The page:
Wednesday, December 14, 2016

Books: Bridges Across Generations

Grandparents and other older family members can have a huge impact on young children, and help form memories that will last a lifetime. Reading together is just one way for them to become a presence in their grandchildren’s lives. Telling stories and sharing childhood memories is another.

With the holidays upon us, you may find yourself with somewhat rare opportunities to visit with extended family, especially grandparents and possibly even great-grandparents. If your children are fortunate enough to see these family members regularly, they’re probably already comfortable with reading together and chatting about their lives. If those visits are less frequent, however, there may be a necessary warming-up period before any interaction can take place. As a grandmother myself, I know how hard it can be to wait for our grandson to welcome us into his world, but patience really is a virtue, especially in this situation, and the reward is truly magical.

If you don’t live close by, video chatting is a fun way to engage more directly than a telephone call allows. You can suggest to grandparents that they give the gift of books, or a gift card to a favorite bookstore so children can choose their own reading material. Magazine subscriptions are a wonderful way to connect through a mutual interest in animals, games, or cooking. For older children, Grandma and Grandpa can offer to read the same book they’re reading so it can be discussed together. And revisiting some of their old favorites can offer a whole new appreciation for the writers and their stories, while sharing tried and true classics with a new generation of readers. If you’d benefit from gift suggestions, the library has a list of recommended books to give this season, our librarians’ choices of some of the best we’ve seen and read this year.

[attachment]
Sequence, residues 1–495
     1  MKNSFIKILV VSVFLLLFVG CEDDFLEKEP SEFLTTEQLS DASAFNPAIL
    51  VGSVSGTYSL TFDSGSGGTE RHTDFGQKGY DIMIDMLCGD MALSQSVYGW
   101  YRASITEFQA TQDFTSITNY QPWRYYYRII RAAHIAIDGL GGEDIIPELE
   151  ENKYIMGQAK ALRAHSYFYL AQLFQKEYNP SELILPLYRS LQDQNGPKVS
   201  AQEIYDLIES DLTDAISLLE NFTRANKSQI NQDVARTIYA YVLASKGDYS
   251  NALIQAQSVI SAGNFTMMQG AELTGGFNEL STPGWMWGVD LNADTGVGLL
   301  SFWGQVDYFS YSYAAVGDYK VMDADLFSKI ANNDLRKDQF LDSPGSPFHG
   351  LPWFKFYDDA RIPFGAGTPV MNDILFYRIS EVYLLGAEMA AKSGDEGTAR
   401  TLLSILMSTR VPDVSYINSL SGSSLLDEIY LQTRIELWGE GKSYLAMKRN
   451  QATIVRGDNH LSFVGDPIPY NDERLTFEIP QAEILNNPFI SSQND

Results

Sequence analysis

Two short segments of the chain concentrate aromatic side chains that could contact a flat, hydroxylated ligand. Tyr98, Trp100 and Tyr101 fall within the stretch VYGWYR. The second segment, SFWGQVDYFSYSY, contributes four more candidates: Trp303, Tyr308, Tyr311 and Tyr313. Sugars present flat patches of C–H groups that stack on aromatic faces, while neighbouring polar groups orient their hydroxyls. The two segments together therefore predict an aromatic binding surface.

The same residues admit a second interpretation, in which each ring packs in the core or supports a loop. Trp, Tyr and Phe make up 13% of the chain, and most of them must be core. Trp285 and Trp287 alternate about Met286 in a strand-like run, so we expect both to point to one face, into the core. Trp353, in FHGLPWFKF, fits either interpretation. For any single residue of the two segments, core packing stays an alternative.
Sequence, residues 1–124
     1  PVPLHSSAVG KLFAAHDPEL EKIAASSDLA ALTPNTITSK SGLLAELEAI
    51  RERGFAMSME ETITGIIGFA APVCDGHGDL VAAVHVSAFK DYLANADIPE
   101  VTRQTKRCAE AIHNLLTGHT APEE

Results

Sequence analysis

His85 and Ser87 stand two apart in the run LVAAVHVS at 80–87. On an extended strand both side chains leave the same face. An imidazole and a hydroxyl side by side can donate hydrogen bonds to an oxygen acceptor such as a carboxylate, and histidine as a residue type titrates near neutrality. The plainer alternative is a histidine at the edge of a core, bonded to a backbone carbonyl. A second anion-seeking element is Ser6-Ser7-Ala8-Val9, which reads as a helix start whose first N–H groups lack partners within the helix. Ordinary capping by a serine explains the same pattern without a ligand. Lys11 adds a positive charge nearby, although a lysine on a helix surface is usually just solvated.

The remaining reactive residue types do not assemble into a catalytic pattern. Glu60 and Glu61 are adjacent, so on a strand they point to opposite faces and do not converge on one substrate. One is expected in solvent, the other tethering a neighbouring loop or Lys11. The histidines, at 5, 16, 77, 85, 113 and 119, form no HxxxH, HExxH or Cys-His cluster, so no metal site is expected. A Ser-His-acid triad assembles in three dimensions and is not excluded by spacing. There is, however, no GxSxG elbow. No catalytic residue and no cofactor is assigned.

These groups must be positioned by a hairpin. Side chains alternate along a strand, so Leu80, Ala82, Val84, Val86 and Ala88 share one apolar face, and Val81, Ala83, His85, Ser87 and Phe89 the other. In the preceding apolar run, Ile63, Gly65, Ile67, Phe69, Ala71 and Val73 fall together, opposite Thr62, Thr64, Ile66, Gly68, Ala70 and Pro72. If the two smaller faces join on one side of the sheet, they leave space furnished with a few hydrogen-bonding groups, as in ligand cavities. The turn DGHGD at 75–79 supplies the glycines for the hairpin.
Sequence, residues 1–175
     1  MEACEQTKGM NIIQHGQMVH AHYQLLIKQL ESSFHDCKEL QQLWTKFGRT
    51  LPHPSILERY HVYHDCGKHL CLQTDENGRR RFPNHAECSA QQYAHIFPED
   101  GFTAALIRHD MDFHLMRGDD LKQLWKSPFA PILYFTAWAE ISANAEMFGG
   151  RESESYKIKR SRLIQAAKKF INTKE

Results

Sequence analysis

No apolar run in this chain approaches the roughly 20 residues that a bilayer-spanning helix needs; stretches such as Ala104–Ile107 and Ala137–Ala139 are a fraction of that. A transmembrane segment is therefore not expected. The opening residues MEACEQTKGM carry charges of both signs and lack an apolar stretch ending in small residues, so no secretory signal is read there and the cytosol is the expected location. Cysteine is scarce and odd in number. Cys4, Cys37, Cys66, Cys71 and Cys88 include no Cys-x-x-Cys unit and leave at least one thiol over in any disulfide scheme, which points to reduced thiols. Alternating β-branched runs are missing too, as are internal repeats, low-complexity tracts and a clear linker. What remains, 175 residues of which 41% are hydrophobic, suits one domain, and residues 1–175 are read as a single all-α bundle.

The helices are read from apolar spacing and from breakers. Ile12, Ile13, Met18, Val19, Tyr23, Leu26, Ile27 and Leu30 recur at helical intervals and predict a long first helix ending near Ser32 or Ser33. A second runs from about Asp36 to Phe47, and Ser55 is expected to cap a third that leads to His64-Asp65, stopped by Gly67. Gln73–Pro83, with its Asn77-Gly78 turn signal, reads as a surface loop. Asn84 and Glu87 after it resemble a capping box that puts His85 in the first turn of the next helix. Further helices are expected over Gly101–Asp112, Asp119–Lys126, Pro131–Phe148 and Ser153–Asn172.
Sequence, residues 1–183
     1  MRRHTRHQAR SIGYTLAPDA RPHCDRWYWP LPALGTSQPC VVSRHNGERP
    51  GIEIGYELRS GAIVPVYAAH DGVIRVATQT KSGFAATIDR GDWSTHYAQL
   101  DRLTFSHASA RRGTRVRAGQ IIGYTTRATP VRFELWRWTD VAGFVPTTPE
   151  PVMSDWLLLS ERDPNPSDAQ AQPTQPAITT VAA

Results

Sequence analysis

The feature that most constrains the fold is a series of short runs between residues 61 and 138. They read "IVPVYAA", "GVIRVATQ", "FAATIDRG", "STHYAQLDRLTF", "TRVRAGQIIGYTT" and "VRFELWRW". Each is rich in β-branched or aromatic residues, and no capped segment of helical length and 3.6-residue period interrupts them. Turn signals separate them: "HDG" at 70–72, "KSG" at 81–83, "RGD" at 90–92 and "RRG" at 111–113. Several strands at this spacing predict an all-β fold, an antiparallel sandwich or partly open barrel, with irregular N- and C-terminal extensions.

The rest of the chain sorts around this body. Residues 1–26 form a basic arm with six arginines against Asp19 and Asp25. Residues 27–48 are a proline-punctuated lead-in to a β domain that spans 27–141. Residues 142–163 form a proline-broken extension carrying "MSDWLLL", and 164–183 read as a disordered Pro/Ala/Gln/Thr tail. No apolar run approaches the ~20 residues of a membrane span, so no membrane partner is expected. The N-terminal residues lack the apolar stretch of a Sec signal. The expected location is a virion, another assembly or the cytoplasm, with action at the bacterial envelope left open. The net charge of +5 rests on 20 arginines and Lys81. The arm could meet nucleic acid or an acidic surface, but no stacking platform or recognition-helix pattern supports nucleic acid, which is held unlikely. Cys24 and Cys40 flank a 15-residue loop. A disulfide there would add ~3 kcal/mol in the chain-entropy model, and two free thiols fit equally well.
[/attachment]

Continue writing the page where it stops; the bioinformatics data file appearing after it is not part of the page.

Lastly, as your child grows older, he or she will remember more and more about these interactions with other family members and treasure them in the future. Try writing down your child’s impressions and memories so they can be shared with those involved. Record your child talking about what they did together and send the message to them. The bonds formed now will nurture relationships and expand their knowledge of and respect for each other in the coming years.

Guest post by Bridget W.

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